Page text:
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Annual summit expands to 2 days

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Thursday, November 10, 2011


The 9th annual Oregon Leadership Summit will spill over to a second day for the first time to address specifically health care reform and education reform, two issues that have been central to the state’s business leadership in the past few years. (Read Oregon Business magazine's education reform story from its September issue. Upcoming in the December issue will be an analysis of the health-care reform efforts.)

This year’s summit, to be held Dec. 12-13 at the Oregon Convention Center, is titled “The Stage is Set: It’s Time to Deliver,” and is again expected to draw 1,000 attendees from around the state. On Day One, there will be updates on regional jobs and economic development opportunities, progress reviews of on Oregon Business Plan initiatives over the past year,  and chances to network and brainstorm on how to improve the state’s economic outlook. Attending will be U.S. Senators Ron Wyden and Jeff Merkely, Gov. John Kitzhaber, Senate president Peter Courtney, and co-speakers Bruce Hanna and Arnie Roblan.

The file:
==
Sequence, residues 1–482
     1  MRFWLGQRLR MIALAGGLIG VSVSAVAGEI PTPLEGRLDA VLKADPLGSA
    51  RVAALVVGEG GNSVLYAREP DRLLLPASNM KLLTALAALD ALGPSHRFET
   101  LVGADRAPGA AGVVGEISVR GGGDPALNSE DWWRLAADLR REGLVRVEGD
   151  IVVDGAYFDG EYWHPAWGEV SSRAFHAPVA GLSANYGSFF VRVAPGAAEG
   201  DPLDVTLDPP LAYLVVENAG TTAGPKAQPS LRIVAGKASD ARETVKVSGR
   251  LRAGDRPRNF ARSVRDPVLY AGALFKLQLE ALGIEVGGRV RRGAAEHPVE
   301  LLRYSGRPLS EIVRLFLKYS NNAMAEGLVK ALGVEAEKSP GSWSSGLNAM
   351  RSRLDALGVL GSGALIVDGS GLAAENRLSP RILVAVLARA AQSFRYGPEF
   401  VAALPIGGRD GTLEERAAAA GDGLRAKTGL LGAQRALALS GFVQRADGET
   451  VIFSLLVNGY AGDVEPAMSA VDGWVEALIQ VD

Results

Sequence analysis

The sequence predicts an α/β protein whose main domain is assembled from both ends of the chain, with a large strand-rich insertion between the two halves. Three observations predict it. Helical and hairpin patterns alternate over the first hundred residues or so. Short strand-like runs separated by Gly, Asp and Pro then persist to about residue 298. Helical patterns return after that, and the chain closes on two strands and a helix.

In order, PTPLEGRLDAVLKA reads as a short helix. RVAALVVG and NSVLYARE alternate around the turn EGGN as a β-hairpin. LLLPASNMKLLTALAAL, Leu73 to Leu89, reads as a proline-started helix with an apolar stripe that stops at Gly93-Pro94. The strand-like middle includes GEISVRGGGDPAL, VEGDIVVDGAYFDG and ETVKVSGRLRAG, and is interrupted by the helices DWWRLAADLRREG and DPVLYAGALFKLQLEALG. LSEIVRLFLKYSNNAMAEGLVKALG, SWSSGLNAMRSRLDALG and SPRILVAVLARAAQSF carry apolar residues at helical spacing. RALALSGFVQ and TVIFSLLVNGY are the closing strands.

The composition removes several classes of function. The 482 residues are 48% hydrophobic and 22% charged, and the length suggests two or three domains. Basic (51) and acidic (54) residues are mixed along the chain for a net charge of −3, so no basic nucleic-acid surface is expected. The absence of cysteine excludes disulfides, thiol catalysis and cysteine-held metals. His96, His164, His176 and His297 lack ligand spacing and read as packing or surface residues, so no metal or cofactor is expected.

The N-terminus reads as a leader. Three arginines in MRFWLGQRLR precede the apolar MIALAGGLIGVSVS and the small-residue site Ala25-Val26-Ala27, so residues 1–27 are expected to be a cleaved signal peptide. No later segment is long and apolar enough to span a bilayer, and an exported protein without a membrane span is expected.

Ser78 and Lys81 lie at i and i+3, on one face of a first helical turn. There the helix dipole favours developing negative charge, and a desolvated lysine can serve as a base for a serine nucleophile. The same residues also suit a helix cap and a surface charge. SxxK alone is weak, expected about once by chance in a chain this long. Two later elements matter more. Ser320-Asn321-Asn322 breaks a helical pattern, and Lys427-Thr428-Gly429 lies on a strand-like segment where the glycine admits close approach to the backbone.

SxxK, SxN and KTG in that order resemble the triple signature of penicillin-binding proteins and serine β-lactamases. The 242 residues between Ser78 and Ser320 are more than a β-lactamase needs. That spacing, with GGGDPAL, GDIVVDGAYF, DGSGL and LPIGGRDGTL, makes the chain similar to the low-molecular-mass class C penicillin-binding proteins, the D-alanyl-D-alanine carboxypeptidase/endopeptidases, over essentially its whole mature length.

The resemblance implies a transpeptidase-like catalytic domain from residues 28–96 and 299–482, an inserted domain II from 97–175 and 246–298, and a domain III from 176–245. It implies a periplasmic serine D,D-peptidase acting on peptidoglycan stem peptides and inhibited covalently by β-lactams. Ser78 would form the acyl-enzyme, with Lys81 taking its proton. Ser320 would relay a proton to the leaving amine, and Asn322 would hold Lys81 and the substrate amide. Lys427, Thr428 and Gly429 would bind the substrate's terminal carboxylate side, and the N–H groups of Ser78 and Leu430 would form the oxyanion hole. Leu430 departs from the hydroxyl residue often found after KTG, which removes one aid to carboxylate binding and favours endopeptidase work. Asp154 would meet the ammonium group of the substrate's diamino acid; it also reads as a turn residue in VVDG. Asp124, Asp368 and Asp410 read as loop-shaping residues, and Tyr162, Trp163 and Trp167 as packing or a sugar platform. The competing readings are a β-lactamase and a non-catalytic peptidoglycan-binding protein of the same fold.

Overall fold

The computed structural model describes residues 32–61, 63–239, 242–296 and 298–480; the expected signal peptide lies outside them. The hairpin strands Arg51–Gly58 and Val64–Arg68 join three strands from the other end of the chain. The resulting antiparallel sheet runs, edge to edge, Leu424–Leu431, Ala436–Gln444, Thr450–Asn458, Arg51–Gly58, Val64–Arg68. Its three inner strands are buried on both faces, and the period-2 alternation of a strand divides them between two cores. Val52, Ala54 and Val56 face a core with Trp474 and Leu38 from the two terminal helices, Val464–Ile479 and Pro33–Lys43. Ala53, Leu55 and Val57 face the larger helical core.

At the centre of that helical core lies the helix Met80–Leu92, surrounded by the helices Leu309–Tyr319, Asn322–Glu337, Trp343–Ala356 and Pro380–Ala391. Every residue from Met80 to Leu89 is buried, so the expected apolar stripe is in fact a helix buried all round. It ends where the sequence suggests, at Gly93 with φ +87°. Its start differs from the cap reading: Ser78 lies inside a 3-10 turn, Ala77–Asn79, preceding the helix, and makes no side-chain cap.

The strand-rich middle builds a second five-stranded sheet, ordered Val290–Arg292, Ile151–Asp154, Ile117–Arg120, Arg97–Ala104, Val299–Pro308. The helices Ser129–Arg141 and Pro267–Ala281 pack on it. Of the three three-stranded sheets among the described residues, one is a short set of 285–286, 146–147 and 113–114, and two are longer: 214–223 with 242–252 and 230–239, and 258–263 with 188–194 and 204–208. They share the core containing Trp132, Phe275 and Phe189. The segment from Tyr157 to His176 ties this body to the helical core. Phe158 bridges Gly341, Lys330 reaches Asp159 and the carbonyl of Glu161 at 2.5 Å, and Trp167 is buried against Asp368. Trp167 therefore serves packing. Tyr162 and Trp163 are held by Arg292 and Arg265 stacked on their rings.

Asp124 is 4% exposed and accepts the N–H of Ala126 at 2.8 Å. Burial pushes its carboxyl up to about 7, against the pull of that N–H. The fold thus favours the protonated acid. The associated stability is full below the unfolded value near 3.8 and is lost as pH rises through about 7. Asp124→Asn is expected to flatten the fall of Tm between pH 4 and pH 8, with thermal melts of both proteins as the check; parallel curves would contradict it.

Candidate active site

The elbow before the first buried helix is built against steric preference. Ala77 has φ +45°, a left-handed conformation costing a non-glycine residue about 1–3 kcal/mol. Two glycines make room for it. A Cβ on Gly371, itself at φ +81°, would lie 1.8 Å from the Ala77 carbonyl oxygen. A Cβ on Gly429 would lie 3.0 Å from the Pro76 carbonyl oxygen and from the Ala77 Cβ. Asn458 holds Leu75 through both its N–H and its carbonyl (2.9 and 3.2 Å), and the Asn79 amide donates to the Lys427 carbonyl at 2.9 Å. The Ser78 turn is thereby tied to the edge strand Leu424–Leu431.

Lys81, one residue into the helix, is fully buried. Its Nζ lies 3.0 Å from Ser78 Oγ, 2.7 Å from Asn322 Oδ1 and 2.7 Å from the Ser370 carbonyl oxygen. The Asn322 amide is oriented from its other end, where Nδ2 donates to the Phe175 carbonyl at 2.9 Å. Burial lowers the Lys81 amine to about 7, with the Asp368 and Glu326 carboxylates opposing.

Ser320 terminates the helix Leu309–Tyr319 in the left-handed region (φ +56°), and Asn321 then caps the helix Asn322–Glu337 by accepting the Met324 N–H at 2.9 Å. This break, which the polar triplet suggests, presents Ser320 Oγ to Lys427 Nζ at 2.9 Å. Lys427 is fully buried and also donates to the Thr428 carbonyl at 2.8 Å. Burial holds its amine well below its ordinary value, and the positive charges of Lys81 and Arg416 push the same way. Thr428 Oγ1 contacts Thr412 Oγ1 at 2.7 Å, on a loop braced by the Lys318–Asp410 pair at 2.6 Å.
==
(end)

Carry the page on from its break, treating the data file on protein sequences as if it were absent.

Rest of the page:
Last year’s summit was a gloomy affair, with Kitzhaber famously saying that "Oregon is literally in a death spiral, an unsustainable path into the future." Pacific Power President Pat Reiten agreed, saying: "We need to recognize honestly that Oregon isn't such a special place anymore."

Reiten, along with Wyden and Merkely, again will open the summit with a plenary session, after a morning session where business and economic development leaders in five regions will present two jobs/economic development opportunities/challenges for their region. 

Day Two is billed as “a hands-on workshop especially valuable for legislators and stakeholders” meant to focus more closely on “implementing the education, health care, and fiscal reforms embraced by the governor and legislature coming out of last year’s summit. With these new policy tools in place, it’s time to deliver.”

The annual summit was cancelled in 2009 after then-Gov. Ted Kulongoski supported a tax increase on businesses.

Robin Doussard is the editor of Oregon Business.


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